There are only two types of people in this world: those who are in debt, and those who haven’t been born yet. It’s natural to assume that financial debt is a bad thing because the idea of owing money is often stigmatized. But the truth is that debt is a natural part of life in the 21st century. In fact, it’s impossible to achieve social mobility or acquire any assets of any real value in life today without taking advantage of loans or credit. For example, if you want an education, you’ll probably have to take out a student loan to pay for a degree. If you want to buy a car or a house, you’ll have to sign up for a note or a mortgage before you can own any of these properties outright. In this sense, debt is directly instrumental to the quality of life that every member of society enjoys.
Things can Get Real:
When managed responsibly, debt actually enables everyday people to gain access to transformative and essential resources in life. Unfortunately, not everybody has a gleaming success story about how credit has impacted their prosperity. Sometimes it’s because of negligent borrowing, and sometimes it’s because sudden emergencies create the need for unexpected spending, but the truth is that there are scores of people in society today who feel crushed under the weight of unpaid bills and past-due notices. No matter how desperate you might feel about your situation however, don’t give up if you happen to be in debt. It takes time, and it takes discipline, but it’s still possible to regain good standing financially if you’re willing to makes a few tough decisions about your financial habits. Here are seven things to do in order to reduce and repay mounting debt:
1. Learn to Distinguish Between Wants and Needs:
Spending money on things you don’t need is the quickest way to burden yourself with mushrooming credit balances. If a spending decision won’t have any impact on your health and well-being, pause to evaluate whether you can actually do without it, and don’t be afraid to say “no” if it’s not something you need.
2. Pay Attention to Your Spending:
The first step to financial literacy is deciding to be proactive about analyzing and recording your spending habits. At least once a month, you should makes sure to file and study your bank statements and receipts to gain a better understanding of how cash flows through your hands. If you notice any heavy or unusual spending, do something about it.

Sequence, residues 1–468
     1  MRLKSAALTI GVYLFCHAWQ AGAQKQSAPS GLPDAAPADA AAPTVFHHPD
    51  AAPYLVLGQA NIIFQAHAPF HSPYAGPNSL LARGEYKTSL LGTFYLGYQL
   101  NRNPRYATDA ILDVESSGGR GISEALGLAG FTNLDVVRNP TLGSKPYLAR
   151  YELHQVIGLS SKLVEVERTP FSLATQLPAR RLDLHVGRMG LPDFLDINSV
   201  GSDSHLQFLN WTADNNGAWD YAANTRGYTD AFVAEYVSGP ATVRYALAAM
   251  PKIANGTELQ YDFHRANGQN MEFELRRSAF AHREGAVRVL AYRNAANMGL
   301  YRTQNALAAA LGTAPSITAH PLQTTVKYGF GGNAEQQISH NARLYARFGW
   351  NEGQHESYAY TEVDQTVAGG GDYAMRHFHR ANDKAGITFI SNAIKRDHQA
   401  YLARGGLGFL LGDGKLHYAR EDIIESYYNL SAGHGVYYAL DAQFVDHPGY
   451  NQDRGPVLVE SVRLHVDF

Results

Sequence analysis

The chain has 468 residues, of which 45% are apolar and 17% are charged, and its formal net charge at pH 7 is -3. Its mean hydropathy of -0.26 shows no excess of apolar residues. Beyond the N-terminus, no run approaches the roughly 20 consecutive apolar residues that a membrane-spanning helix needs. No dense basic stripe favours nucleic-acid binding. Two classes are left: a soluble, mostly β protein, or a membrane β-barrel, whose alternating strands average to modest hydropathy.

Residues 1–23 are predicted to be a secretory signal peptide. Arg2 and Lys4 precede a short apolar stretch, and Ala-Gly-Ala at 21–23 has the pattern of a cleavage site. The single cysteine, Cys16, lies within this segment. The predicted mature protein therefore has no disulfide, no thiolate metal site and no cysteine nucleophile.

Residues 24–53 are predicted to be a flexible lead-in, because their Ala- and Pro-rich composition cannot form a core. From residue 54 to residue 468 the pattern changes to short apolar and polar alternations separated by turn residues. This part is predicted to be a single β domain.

3. Go High-Tech:
There’s no need to let your budgeting get inundated by piles of paperwork and hardcopy receipts. Designing a spreadsheet to keep track of your personal spending can speed things up and help you get organized in an efficient way. It also allows you to keep extensive records without having to use bulky folders or stationery.
4. Prioritize Your Outstanding Debt:
Not all debt is created equal. If you happen to owe money to multiple different parties, it’s a good idea to rank which of your debtors can inflict serious consequences on your daily life and pay them off first. As a general rule, it’s usually a good idea to pay back debt based on the following sequence:
· If you owe money to the IRS, pay them before you pay anyone else. They have the ability to jail you for defaulting on your debt.
· If you we student loans, pay them with extreme urgency because the government also has the power to garnish your wages if you default.
· If you owe any personal loans, pay them after considering government debts because personal loans directly influence how much your friends and family trust you.
· If you have a mortgage, prioritize it after considering personal loans because defaulting on a mortgage can leave you homeless.
· If you have a car note, prioritize it after mortgage debt because vehicles are essential for travel, but they can easily be replaced by public transportations.
5. Go Above and Beyond the Bare Minimum:
Paying back debt has nothing to do with meeting minimum payments, and everything to do with clearing an outstanding balance in its entirety. If you choose to pay back a loan strictly through the minimum payments that are due, you’ll end up paying too much cash on interest charges, and you’ll also end up paying back small debts for years and years. Nobody’s saying you have to pay back everything at one go, but every now and then, pay back more than the minimum balance due.
Trying to figure out how to eliminate debt can feel overwhelming. But it’s not impossible. You just have to be willing to reevaluate your spending and actually do something to change your financial habits. The more organized you become, the better decisions you’ll ultimately make about your money. If you like what you just read from our blog, you’ll love the various informative workshops and events listed on our website and social media. Whether you’re interested in personal development, or overall improvement of your business, give us a call at 1 (888) 823-7757 to find out how The RISE Programs Academy for Business Coaching and Leadership Training can help you break past your daily struggles and start soaring in success.